The Florida Fish and Wildlife Conservation Commission (FWC) will begin a major aquatic habitat restoration effort on Lake Istokpoga this month.
The FWC is planting more than 140,000 native aquatic plants on Lake Istokpoga, a 28,000-acre natural lake in Highlands County, to help restore this popular, shallow sportfishing lake. FWC contractors will be planting 34,000 jointed spikerush, 34,000 maidencane (commonly known as Kissimmee grass) and 34,000 duck-potato plants along the lake’s eastern, western and northern shorelines.
The FWC is also planting 9,000 biodegradable pots containing 36,000 Illinois pondweed (also known as peppergrass) plants, a submersed native species, along the south end of Bumblebee Island.
These native aquatic plants will serve as valuable food and nesting habitat for many fish and wildlife species, including the endangered Everglade snail kite, and sportfish including largemouth bass, crappie and panfish.
This aquatic habitat restoration project is designed to enhance the diversity of the native plant community in the lake’s shallow-water marshes as part of ongoing restoration and habitat enhancement activities for Lake Istokpoga.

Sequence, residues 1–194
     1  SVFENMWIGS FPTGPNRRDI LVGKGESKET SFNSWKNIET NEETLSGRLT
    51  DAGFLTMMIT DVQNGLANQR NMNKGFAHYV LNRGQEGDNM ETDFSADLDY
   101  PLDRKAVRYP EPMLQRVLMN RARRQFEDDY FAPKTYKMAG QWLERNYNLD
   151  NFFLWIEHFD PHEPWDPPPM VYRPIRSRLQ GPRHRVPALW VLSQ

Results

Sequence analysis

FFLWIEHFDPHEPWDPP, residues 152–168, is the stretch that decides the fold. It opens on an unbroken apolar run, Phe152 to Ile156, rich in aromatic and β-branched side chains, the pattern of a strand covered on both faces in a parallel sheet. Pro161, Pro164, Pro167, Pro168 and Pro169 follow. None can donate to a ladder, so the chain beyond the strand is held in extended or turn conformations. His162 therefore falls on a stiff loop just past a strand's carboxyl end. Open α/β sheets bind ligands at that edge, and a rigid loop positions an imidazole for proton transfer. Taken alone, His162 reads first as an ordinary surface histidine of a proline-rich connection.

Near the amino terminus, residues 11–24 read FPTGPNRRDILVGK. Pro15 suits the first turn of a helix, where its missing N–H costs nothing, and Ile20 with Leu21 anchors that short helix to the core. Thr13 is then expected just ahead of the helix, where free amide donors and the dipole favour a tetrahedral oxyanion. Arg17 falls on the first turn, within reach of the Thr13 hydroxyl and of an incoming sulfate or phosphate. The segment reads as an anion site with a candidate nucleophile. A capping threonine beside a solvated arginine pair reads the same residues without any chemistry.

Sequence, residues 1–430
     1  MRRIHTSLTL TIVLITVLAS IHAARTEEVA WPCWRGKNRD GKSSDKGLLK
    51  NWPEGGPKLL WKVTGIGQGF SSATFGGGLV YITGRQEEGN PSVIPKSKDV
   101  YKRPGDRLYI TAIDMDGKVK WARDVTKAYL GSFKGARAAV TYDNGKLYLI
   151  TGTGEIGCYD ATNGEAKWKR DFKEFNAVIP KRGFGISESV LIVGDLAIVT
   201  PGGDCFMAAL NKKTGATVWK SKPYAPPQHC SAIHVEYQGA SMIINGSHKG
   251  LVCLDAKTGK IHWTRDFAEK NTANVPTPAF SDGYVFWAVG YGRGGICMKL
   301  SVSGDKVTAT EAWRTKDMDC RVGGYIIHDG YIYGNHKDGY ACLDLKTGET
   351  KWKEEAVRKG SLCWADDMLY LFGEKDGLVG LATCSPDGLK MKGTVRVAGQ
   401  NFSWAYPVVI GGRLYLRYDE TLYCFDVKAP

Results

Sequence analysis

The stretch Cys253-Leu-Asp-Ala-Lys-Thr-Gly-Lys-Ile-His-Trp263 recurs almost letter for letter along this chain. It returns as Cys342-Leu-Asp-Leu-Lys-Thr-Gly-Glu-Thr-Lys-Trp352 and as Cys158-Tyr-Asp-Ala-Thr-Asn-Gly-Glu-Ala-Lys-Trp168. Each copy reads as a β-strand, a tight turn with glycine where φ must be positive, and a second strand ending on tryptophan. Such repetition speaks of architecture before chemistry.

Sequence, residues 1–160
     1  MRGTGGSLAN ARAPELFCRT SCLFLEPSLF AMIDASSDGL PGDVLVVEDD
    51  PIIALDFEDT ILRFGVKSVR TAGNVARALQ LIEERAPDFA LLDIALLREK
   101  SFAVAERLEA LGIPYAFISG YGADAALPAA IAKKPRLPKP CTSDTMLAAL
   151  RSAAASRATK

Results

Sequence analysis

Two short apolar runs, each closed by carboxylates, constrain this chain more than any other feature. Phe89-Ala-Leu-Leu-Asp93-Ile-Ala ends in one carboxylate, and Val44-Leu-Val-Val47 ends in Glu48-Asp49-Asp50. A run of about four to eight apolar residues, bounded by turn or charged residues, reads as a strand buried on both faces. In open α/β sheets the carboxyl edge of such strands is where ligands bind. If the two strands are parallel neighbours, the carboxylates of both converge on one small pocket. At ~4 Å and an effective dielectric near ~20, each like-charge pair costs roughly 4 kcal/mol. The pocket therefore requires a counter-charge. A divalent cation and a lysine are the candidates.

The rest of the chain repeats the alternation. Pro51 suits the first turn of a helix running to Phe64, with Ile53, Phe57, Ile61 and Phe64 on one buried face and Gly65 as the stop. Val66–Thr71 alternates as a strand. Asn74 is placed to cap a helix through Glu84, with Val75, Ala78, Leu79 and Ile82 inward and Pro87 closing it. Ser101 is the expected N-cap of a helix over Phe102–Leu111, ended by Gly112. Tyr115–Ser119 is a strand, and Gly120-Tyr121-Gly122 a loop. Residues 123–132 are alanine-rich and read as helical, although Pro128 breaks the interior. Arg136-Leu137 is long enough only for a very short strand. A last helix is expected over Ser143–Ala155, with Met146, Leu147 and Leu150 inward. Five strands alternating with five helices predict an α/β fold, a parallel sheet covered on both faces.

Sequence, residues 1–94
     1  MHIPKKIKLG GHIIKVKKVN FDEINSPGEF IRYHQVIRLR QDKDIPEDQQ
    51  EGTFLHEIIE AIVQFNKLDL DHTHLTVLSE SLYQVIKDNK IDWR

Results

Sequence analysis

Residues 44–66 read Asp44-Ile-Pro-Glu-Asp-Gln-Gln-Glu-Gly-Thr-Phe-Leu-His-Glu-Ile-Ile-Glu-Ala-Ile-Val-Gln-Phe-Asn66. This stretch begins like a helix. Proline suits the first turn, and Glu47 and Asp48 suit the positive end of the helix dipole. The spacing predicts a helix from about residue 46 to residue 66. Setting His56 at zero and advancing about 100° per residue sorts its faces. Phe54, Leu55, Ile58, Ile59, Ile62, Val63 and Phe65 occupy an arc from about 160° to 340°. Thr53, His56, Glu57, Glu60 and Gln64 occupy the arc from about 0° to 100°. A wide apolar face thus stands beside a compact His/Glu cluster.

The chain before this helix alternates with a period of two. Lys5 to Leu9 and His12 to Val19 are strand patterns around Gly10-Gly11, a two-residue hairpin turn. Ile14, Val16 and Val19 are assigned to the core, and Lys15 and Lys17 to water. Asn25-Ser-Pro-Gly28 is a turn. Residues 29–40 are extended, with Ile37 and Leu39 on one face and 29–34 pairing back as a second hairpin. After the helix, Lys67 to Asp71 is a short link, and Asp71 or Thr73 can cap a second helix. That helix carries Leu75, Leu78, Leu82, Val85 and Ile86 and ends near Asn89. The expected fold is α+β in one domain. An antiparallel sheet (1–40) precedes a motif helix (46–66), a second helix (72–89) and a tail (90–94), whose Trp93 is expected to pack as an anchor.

This work is being completed following recommendations from stakeholders found in the Lake Istokpoga Habitat Management Plan, which aims to increase native submersed and emergent aquatic vegetation through revegetation efforts and reduction of invasive plant species.
For general waterbody information, fishing forecasts, virtual tours, plant control operation schedules and annual workplans, boat ramp information, and more, visit the “What’s Happening on My Lake” website at MyFWC.com/Lakes.
Lake Istokpoga has one special largemouth bass swimming in it right now! This pink-tagged bass is worth thousands of dollars in prizes as part of a special TrophyCatch promotion. Visit the 10-tag webpage on TrophyCatch.com for the list of all 10 waterbodies and for rules on how to participate.